As for the tracks, an automated dynamics car had recently inspected the line and found no problems. "I guess Mr. Burling is more knowledgeable than the automated dynamics car, " Fink said. "I don't know where he gets his information."
Pan Am's investigation team is working with two Federal Railroad Administration inspectors. Spokesperson Robert Kulat said it could take up to a year before the FRA releases their findings. (Derrick Perkins in Manchester Union Leader 20.Nov.09}

Defs.' Statement of Material Facts ¶ 2 ("DSMF") (ECF No. 66);[5] Defs.' Ex. 2 at 1, 13-14.[6]

As it turned out, a faulty rail car owned by a different rail company was the cause of the derailment. PSMF ¶¶ 5-11. The car was severely corroded and had insufficient side bearing clearance, restricting the truck swivel and thereby preventing the railcar from travelling properly along the rail. PSMF ¶¶ 6-10. The accident was not caused by the state of Springfield Terminal's tracks. PSMF ¶¶ 5-11.

b. Application of Law to Facts

The Plaintiffs assert that the Burling statements republished in the above article are false and defamatory because the derailment was not a "perfectly predictable accident, " the Plaintiffs' railroad system was not "horrendously dilapidated, " and the state of the Plaintiffs' rail line did not "cause" the accident. Am. Compl. ¶ 11; Pls.' Opp'n to Defs.' Mot. for Summ. J. 14-16 (ECF No. 69).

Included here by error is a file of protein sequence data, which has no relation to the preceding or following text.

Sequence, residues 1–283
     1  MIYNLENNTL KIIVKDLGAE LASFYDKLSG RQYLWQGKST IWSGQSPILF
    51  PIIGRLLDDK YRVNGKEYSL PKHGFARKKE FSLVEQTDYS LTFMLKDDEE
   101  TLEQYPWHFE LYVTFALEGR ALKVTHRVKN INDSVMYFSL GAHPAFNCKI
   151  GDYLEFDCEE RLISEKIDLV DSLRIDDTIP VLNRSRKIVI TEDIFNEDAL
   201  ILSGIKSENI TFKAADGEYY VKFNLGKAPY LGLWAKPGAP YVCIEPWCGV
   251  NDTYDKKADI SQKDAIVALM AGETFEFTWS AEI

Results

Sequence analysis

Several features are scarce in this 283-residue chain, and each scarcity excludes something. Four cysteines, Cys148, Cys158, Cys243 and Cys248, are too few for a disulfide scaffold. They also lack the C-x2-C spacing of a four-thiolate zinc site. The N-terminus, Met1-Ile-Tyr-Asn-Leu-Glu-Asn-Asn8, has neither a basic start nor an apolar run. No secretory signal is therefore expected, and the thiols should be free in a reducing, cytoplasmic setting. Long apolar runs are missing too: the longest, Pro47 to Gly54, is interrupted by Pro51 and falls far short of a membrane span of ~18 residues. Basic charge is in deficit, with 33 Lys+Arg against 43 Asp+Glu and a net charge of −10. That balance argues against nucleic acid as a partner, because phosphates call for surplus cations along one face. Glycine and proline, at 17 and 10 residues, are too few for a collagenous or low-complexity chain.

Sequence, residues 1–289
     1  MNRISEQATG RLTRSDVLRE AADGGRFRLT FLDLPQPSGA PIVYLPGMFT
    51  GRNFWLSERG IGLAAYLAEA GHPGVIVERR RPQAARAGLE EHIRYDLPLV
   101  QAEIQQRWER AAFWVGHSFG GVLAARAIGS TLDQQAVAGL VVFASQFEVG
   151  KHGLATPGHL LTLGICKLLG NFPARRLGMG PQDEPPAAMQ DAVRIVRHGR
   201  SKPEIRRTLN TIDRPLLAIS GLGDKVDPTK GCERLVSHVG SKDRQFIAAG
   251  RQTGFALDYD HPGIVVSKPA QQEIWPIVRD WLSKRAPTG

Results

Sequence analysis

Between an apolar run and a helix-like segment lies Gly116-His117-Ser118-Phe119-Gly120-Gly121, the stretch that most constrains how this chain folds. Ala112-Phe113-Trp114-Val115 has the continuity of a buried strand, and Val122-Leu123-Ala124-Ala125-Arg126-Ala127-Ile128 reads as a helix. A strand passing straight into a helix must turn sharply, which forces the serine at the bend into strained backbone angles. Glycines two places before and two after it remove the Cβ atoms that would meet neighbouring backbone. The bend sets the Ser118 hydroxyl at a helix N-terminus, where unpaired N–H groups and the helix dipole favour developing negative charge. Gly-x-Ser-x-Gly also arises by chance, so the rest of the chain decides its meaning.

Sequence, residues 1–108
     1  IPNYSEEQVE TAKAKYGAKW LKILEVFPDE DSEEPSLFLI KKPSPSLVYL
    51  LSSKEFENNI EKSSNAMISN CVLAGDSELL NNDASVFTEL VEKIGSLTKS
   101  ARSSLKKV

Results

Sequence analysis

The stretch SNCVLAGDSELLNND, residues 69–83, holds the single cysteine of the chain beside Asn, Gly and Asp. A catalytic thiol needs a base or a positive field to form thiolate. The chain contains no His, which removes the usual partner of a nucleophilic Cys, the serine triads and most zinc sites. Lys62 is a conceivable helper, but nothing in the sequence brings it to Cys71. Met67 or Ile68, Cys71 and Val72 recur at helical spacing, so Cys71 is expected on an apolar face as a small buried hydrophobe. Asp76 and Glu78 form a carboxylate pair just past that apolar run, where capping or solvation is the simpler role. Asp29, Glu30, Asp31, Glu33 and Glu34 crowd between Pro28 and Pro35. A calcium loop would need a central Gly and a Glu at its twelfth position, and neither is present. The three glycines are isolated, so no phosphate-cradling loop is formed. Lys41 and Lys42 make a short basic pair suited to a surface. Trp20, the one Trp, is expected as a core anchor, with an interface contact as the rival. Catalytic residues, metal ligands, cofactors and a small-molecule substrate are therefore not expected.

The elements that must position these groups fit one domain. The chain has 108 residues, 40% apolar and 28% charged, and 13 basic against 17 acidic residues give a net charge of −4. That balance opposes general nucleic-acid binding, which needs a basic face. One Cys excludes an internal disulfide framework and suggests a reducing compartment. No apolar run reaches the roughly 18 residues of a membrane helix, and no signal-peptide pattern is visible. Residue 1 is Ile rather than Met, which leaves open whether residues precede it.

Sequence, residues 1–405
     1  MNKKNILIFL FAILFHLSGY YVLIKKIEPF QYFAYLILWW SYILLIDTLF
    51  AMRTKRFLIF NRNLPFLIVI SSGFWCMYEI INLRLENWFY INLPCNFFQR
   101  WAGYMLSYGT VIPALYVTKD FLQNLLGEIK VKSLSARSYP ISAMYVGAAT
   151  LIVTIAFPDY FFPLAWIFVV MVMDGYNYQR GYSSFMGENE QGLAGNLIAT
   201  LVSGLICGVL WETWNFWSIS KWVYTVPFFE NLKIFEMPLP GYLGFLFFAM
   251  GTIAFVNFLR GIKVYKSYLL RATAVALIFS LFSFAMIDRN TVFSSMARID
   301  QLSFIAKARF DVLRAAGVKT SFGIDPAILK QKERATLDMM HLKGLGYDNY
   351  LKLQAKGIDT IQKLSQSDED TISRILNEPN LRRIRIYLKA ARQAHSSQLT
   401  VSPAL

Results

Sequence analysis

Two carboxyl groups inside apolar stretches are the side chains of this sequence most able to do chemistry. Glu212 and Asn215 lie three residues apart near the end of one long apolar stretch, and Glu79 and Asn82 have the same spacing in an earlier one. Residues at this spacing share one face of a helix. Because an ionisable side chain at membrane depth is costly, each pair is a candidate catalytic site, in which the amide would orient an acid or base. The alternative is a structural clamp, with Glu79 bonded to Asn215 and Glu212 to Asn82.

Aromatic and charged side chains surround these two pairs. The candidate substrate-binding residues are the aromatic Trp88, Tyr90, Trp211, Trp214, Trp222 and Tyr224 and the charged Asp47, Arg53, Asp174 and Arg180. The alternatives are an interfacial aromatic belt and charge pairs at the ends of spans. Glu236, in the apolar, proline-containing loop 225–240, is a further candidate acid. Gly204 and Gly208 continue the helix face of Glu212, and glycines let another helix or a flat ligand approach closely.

With respect to the Plaintiffs' first two contentions, the Defendants argue that Burling's statements that the derailment was "perfectly predictable" and that the railroad system was "horrendously dilapidated" are protected by the First Amendment because they constitute loose, figurative language and are not objectively verifiable. The Court agrees.

Both of these phrases are hyperbole. Neither can be reduced to anything approaching a precise, testable fact. The Court cannot objectively verify whether a risk of derailment has crossed the line from "hard to predict" to "predictable" to "perfectly predictable, " nor whether a railroad system has fallen from "ship-shape" to "could use some work" to "horrendously dilapidated." These are the kind of loose, subjective judgments necessary for the vigorous, freewheeling debate that the First Amendment protects.

The statement about a dilapidated railway system causing the accident presents a closer question. Whether a general set of conditions (the state of repair of the "railroad system") caused a particular accident (the Bridge Street derailment) is verifiably testable. If it was shown that something else was the true cause-an earthquake, for instance-then the statement could be proved definitively, materially false.

To this, the Defendants respond that the Burling statement was not materially false. Again, the Court agrees. Nowhere in the quotations ANR&P published did Burling claim that the state of Pan Am's tracks caused the accident. His statement was significantly broader-that the state of the railroad system caused the crash. The phrase "railroad system" fairly encompasses not just train tracks, but also the trains and rail cars that run on them. It is unclear from the record whether Pan Am rightly bears any responsibility for allowing poorly maintained, corroded rail cars to run on its tracks. But under the undisputed facts, the Plaintiffs cannot show that the objectively verifiable portion of Burling's statement-that the state of repair of the railroad system caused the derailment-was materially false. Based on the above, the Defendants are entitled to summary judgment with respect to the December 2, 2009 article about the Bridge Street derailment.